The cultivation and consumption of currants.

All things green.
Sept. 3 2008 12:41 PM

Currant Affairs

The formerly forbidden fruit stakes out a spot in American gardens.

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The best time to plant is very early spring or fall (with plenty of mulch to prevent the soil from freezing and thawing and pushing the roots up). Currant bushes don't mind clay soil, though it's good to loosen it up with organic matter. They do object to poorly drained soil. In late winter or early spring, cut a few of the oldest stems to the ground to encourage new growth. You do need to water attentively in dry times, especially when the berries are ripening.

Currants are one of the few fruits that don't need full sun to ripen. Like blueberries, they thrive in cold climates, growing best in the Northeast and the Pacific Northwest, climate Zones 3-5. A lot of breeding stock comes from Russia. Lee Reich's favorite currant is "Kirovchanka." If you buy one of the disease-resistant strains, you can avoid having to spray. The whole Ribes family, which includes gooseberries, is deer resistant.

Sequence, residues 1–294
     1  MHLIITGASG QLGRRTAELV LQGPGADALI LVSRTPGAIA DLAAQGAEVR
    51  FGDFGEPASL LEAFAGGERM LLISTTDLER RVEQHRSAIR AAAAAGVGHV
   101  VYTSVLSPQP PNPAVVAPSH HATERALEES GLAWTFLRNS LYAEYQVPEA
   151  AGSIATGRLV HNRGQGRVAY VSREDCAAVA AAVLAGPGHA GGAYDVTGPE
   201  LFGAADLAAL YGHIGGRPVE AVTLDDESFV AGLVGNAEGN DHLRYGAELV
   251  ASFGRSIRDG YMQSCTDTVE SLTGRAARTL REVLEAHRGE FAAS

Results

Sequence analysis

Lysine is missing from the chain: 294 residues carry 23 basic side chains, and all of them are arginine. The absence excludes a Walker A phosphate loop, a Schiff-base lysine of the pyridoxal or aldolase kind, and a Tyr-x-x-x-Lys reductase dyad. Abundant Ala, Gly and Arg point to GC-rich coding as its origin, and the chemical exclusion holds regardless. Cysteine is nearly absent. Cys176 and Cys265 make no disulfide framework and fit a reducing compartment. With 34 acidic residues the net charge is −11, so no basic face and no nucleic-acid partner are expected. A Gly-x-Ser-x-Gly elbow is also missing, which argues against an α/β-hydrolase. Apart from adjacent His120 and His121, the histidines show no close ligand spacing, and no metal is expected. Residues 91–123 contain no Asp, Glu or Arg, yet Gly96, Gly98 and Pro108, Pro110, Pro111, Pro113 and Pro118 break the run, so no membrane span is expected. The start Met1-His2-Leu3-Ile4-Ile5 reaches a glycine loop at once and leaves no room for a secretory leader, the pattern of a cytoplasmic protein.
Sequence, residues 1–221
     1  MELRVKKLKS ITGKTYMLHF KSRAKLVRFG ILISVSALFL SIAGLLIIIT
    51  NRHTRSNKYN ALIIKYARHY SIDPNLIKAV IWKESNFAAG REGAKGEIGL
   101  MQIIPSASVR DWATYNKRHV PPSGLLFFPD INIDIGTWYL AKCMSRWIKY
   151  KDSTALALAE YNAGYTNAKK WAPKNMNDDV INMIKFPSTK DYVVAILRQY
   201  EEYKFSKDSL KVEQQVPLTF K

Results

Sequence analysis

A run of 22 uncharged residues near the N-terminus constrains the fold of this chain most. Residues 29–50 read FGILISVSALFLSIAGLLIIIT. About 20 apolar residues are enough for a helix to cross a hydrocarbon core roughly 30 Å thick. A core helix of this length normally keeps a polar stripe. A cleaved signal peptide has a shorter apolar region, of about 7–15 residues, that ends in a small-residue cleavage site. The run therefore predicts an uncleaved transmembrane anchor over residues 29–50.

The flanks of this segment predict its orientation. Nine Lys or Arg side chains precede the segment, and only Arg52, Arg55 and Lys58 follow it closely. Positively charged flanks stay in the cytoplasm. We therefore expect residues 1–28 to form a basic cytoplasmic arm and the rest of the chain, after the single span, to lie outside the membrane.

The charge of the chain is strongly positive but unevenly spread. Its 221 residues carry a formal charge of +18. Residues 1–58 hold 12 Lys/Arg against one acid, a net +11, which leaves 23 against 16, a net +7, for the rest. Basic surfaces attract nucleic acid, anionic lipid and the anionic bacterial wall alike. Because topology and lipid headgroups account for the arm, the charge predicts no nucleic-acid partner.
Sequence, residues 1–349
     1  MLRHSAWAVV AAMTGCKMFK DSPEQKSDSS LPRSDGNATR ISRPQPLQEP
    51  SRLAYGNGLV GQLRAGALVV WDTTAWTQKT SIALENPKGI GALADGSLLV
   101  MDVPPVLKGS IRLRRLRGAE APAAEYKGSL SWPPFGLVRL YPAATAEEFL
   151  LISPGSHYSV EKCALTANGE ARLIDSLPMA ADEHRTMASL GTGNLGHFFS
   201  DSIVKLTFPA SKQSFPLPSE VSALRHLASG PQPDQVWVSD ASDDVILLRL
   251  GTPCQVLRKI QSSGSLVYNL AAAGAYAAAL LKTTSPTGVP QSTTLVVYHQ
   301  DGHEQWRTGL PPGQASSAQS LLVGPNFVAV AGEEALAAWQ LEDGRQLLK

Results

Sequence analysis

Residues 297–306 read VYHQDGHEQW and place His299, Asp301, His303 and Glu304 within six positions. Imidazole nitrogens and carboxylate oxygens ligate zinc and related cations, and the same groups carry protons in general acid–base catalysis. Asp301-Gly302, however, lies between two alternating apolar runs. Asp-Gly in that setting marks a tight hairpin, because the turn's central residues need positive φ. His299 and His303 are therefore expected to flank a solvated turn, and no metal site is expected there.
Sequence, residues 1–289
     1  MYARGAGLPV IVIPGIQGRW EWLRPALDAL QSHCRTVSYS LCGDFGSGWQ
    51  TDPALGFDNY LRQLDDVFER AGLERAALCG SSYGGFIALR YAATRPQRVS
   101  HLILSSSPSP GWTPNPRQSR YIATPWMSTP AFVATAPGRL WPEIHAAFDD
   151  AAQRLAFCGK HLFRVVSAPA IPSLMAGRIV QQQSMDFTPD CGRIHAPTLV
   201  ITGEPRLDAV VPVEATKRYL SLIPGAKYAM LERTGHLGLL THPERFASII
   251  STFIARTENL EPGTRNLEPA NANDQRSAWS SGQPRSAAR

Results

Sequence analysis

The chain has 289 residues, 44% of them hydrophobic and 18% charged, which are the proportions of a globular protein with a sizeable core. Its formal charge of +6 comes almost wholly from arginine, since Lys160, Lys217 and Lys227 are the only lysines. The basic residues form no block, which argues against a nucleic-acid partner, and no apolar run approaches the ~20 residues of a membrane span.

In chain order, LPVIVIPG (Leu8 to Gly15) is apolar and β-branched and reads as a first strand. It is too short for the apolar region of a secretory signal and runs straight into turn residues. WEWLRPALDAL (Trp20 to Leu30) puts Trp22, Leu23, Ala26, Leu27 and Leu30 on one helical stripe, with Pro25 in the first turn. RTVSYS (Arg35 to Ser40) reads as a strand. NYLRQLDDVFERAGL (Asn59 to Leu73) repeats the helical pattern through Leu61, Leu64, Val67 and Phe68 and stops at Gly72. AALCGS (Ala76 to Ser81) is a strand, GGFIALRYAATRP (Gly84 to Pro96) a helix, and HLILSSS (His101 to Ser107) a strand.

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Currants make good jam and jelly, which taste great to Americans as well as Europeans, and are the crucial ingredient in summer pudding—the particularly spectacular dessert that I plan to make next summer if my two little currant bushes cooperate. 

So go forth and grow berries, but check your local laws first: The federal restrictions on cultivating currants were lifted in 1966, but some state laws are still on the books. It's good to check with your local Cooperative Extension office about state regulations. The tale of crusader Greg Quinn, who got the ban lifted in New York state, can be found at www.currants.com.

Currants have literary connections as well as legal and social ones. Red currants figure prominently in the opening pages of the fantastic novel The Stone Diaries by the late Carol Shields. As the story begins, the main character's mother is making summer pudding, combining red currants, raspberries, and blackberries.

Tragedy follows. However, our heroine, after many trials, eventually finds happiness and fulfillment in writing a garden column. It's a believable plot line.

Constance Casey is a former New York City Department of Parks gardener and writes the monthly "Species" column for Landscape Architecture Magazine.